Now, it has been pointed out to me that the business of killing off villains is an equal-opportunity plot device, and Asian people are not being singled out for horrible deaths. Which is true. It’s long been the case that Hollywood casts ethnic minorities as bad guys so their heads can be blasted off. In horror films, there is also the bimbo rule, which requires hot blondes to get killed off first. This is neither racist nor sexist (see no. 7 on this list, John Cho, hot blond), but the norm. The Expendable Asian Crewmember is different from the phenomenon known as the “Asian sidekick,” whose ranks include Cato in the Pink Panther film series from the ’60s and ’70s and remade in 2006; Kato in the Green Hornet television series from the ’60s, remade as a film in 2011; Mr. Miyagi in The Karate Kid, 1984, remade and moved from California to China, 2010; and the mutant Yukio in The Wolverine, 2013. But the vast majority of blockbuster film franchises have no Asian characters in them at all. In general, both New York City and The Future are curiously free of Asians except for Maggie Q, whose time-traveling powers enable her to pop up briefly in Divergent, 2014. There are so few Asians in the galaxy inhabited by Star Wars that a hilarious blog, “You Offend Me You Offend My Family,” has scoured the entire franchise for signs of Asian life. The results were: one rebel officer, and a dubious claim that Admiral Ackbar, fearless cephalopod leader of the Rebellion, was “Asian-like.”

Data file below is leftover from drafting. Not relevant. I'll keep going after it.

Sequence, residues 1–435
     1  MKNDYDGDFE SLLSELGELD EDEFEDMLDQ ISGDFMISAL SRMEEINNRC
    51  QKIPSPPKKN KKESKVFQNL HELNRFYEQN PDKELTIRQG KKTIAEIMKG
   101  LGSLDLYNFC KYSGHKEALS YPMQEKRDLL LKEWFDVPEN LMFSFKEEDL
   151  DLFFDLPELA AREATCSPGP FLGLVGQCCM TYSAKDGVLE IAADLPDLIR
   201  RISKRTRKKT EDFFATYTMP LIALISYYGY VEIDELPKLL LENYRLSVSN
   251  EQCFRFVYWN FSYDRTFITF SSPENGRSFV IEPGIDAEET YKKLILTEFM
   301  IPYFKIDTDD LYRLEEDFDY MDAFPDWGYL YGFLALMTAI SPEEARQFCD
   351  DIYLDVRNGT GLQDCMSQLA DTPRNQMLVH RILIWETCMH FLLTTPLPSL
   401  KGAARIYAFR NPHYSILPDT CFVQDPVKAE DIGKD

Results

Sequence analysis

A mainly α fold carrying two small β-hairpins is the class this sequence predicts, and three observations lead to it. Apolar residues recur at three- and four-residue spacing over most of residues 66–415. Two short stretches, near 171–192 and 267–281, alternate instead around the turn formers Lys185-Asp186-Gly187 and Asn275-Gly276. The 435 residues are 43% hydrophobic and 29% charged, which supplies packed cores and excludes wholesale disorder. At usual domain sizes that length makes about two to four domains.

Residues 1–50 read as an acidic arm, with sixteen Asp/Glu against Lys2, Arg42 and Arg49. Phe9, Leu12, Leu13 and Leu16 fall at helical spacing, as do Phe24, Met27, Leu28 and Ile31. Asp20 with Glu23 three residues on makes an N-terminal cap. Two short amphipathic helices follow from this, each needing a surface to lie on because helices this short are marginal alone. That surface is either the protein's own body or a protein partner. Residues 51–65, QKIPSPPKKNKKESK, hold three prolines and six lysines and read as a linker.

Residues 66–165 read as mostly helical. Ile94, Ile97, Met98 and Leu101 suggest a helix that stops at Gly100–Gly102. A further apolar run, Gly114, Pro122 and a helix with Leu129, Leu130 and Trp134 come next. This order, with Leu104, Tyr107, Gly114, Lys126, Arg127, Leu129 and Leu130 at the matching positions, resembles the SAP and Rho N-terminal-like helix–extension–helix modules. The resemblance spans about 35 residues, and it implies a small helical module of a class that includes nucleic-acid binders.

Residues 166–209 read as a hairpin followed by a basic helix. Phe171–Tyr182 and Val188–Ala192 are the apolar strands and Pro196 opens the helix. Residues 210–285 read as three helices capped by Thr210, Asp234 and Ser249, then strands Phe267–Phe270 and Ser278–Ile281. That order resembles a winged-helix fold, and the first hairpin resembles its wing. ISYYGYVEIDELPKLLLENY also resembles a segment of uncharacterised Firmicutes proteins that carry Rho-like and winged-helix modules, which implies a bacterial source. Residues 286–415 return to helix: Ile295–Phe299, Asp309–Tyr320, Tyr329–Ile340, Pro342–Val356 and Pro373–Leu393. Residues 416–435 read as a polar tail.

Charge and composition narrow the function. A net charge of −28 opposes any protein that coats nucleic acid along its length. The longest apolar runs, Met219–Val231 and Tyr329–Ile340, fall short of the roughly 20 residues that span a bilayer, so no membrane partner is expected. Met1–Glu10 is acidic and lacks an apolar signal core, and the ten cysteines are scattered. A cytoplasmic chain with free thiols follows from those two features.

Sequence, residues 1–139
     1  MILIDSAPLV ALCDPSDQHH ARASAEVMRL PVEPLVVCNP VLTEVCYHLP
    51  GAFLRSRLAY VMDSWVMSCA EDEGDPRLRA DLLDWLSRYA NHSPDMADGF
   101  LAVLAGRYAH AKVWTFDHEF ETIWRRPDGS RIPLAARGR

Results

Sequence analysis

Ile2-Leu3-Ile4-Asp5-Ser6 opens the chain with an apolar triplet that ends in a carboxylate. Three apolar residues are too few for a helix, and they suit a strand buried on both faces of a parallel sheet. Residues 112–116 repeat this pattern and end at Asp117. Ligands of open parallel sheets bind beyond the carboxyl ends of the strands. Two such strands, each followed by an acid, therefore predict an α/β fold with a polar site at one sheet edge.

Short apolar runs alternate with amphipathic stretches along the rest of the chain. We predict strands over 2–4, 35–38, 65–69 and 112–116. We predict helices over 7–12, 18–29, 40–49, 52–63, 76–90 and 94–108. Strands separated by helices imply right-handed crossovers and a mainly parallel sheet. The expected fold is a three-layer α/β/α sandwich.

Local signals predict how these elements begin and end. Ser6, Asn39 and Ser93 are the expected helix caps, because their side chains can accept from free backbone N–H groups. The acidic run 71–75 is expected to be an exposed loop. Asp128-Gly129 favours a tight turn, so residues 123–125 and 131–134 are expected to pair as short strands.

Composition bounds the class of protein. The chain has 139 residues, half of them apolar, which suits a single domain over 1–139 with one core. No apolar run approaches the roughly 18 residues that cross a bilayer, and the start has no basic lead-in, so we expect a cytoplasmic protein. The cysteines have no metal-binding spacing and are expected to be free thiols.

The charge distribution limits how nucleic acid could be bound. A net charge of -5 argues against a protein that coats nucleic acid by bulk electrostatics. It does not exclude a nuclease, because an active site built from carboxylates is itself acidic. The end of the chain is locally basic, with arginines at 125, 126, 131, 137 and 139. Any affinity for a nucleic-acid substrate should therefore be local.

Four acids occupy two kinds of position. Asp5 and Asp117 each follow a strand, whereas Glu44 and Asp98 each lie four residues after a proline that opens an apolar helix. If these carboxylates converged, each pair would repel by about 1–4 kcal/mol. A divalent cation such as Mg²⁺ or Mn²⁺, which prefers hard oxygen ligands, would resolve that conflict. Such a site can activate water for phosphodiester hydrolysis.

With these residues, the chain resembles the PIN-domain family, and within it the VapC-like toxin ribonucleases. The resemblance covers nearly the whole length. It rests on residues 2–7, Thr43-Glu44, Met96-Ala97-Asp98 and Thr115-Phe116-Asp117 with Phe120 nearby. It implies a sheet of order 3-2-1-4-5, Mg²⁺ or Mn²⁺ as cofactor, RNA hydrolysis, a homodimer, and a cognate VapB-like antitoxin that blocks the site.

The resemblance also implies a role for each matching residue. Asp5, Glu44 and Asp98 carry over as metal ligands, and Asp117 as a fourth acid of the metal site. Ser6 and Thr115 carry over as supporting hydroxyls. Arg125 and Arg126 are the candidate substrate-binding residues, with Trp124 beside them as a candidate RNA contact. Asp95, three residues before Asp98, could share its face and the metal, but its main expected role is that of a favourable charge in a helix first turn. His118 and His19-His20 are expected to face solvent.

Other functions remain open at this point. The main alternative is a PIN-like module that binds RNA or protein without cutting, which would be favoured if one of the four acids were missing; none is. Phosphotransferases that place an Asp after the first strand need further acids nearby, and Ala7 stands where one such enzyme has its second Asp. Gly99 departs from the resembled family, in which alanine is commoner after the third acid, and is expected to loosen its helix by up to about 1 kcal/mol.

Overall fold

Which brings me to the 2013 Star Trek reboot, with Zoe Saldana as Lt. Uhura and John Cho as Lt. Sulu, plus loads of “Asian-like” aliens, including Vulcans. When the most diverse cast in a Hollywood summer blockbuster happens to be based on a television show that debuted a half century ago, it’s better to be the Expendable (Asian) Crewmember than not be allowed on board at all. But I’m hoping it won’t be another 50 years before Mr. Sulu not only takes the helm, but gets his own ship—and can star in his own film.

Here is a mere sampling of the Expendable Asian Crewmembers I’ve spotted over the years:

X-Men 2: X-Men United, 2003. Yuriko. The perfectly coiffed, impeccably manicured and silent assistant to evil mastermind Stryker, Yuriko turns out to be a super-villain called Lady Deathstrike whose abilities closely parallel those possessed by the Wolverine. Wolverine kills her by injecting her with the rare metal adamantium in its liquid form.

X-Men 3: The Last Stand, 2006. Kid Omega. As the Mutant Brotherhood organizes against humans, Kid Omega becomes one of Magneto’s new recruits. Played by Ken Leung, he can project spikes out all over his body in the manner of an angry porcupine. He dies in a blast of psychokinetic energy unleashed by the super-mutant, Jean Grey/Phoenix.

Mission Impossible III, 2006. Zhen Lei. Played by Maggie Q, this femme fatale joins the “Impossible Mission Force,” experiences a staged death, and disappears from the story. The fact that she is Chinese does not explain why the action relocates to Shanghai as opposed to, say, Southern California, which is also inhabited by white heroes plus a few Chinese people eating noodles.